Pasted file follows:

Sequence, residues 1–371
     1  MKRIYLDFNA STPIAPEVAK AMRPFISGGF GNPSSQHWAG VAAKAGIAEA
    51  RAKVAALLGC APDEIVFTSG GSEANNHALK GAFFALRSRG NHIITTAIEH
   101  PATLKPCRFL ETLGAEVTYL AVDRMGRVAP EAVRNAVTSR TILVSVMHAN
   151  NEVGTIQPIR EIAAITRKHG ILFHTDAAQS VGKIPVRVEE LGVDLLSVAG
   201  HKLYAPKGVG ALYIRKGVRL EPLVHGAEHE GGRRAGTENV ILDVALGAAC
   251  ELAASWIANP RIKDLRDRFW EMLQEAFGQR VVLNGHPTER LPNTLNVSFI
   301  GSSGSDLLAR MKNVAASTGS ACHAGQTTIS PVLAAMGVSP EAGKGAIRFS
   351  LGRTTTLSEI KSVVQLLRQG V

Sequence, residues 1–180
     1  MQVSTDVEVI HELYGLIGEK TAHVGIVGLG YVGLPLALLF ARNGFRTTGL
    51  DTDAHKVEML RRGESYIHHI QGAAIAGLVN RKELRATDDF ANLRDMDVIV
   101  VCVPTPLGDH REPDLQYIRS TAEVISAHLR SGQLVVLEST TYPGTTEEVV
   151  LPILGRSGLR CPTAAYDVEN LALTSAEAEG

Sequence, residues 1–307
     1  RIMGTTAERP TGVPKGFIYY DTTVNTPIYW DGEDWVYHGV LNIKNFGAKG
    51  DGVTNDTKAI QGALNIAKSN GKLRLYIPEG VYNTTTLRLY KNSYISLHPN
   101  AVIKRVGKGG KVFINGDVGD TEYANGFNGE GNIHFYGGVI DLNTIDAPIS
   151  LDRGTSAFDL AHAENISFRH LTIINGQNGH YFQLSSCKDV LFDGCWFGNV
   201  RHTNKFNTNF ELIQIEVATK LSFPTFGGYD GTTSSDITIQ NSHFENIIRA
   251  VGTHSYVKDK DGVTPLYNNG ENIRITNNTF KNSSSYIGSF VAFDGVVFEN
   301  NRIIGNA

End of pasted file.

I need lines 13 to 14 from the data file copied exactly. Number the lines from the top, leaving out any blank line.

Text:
   101  VCVPTPLGDH REPDLQYIRS TAEVISAHLR SGQLVVLEST TYPGTTEEVV
   151  LPILGRSGLR CPTAAYDVEN LALTSAEAEG